This year, the Access to Justice Committee is taking a week to highlight some of the great initiatives already underway in Alberta. Every day this week they will be posting information about different justice sector organizations in Alberta and the important work they are doing to make access to justice a reality in this province. We would encourage you to check out their website:  https://www.cba-alberta.org/News-Media/News/Access-to-Justice-Blog/Access-to-Justice

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What Constitutes Assault in Residential Tenancy Law?

The Alberta Residential Tenancies Act (RTA)[1] allows landlords to evict tenants who assault or threaten to assault their landlord or other tenants. But what constitutes assault for the purpose of the RTA? Is it the same as the test for the tort of assault? Or the same as the test for assault under the Criminal Code[2]?

In tort law, assault and battery are independent causes of action. Battery is the direct, intentional and physical interference with another person that is either harmful or offensive to a reasonable person. Assault, on the other hand, is any direct and intentional act that causes someone to apprehend immediate harmful or offensive bodily contact.

Section 265 of the Criminal Code defines “assault” as the intentional application of force to a person without their consent, or threats by act or gesture to apply force to a person. Technically, any intentional touch may constitute an intentional application of force. However, the common law principle of de minimis non curat lex (the law does not concern itself with trifles) can be applied to dismiss very minor assault charges.

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Pizza Delivery Drivers: Employees or Independent Contractors? Commentary on Steiner v MNR.

Pizza Delivery Drivers: Employees or Independent Contractors? Commentary on Steiner v MNR.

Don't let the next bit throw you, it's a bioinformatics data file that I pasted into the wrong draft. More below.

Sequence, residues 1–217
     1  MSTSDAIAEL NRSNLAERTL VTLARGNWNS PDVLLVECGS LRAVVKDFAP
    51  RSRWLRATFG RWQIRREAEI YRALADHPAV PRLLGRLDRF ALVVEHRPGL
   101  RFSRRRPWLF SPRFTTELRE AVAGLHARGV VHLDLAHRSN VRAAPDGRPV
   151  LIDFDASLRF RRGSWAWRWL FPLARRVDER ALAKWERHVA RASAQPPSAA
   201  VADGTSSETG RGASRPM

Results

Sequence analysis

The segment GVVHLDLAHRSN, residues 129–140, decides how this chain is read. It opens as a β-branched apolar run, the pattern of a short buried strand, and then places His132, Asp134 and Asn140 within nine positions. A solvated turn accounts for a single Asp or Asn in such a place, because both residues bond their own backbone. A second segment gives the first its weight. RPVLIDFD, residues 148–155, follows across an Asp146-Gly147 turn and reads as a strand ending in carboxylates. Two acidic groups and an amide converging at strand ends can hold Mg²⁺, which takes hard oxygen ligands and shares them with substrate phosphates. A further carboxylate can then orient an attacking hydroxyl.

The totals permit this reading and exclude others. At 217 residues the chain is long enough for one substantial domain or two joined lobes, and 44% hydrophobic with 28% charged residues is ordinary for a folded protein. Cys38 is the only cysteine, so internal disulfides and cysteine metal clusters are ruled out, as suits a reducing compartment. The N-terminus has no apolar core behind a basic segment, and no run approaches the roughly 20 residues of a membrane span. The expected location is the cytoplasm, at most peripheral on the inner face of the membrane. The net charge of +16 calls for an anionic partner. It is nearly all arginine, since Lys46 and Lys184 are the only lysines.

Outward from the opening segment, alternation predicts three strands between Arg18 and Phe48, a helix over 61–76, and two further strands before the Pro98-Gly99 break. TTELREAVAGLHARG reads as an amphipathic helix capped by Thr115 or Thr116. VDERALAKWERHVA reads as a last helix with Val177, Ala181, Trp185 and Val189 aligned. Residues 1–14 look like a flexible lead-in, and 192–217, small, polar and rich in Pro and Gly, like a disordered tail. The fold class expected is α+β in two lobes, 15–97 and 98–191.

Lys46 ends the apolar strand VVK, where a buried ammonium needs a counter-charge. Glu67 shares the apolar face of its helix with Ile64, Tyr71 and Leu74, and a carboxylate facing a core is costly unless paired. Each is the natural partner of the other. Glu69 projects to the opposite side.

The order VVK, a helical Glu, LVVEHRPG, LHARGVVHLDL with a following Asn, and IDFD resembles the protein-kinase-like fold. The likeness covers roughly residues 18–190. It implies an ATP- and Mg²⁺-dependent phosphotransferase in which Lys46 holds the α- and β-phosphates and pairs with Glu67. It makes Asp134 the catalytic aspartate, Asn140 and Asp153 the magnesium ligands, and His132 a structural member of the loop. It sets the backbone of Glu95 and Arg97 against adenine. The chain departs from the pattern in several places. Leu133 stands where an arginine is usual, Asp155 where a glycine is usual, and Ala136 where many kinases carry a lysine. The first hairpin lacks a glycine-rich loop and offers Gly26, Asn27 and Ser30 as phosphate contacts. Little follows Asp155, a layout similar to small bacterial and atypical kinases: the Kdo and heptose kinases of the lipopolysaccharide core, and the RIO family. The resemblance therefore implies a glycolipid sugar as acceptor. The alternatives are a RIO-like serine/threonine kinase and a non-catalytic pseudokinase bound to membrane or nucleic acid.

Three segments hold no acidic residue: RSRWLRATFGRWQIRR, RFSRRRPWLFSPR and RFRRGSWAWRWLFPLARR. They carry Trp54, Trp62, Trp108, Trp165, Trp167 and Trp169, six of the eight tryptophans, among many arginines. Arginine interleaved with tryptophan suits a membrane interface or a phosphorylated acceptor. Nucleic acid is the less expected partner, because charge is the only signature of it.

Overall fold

By Michael A. Power with Lydia Potter

Pizza delivery is a big business that relies heavily on drivers to transport fresh, piping hot pizzas right to your door. In most cases, delivery drivers use their own vehicles and pay their own vehicle costs (fuel, insurance, and maintenance) to deliver those pizzas to you.  In exchange, business owners usually pay delivery drivers a flat fee for every pizza delivered. Drivers may also get to keep any tips they collect.

Many pizza companies consider their delivery drivers self-employed independent contractors. Drivers may even sign independent contractor agreements with business owners, stating they are not “employees.” One important consequence of being considered self–employed is that such drivers will generally not qualify for Employment Insurance benefits if they lose their jobs.

However, notwithstanding what business owners say, pizza delivery drivers could actually be employees of the pizza businesses who hire them—even if they sign contracts saying they are self-employed independent contractors.

In Steiner v. MNR,[1]  driver Vita Steiner signed an independent contractor agreement with the owner and operator of a Pizza 73 franchise and began work in March 2003. She used her own vehicle to deliver pizzas for a fixed amount (initially $2.80 per pizza; later, $3.50 per pizza plus any tips she received). Despite working roughly full-time hours exclusively for one Pizza 73 franchisee, Steiner’s income as a delivery driver was minimal. She nonetheless continued the work for over six years until she was fired by the owner in August, 2009.

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Can a Landlord Charge a Tenant Late Fees?

Many residential leases purport to require tenants to pay their landlords late fees if they pay their rent late. Many tenants pay those fees without challenging them, and the question arises: are these fees enforceable?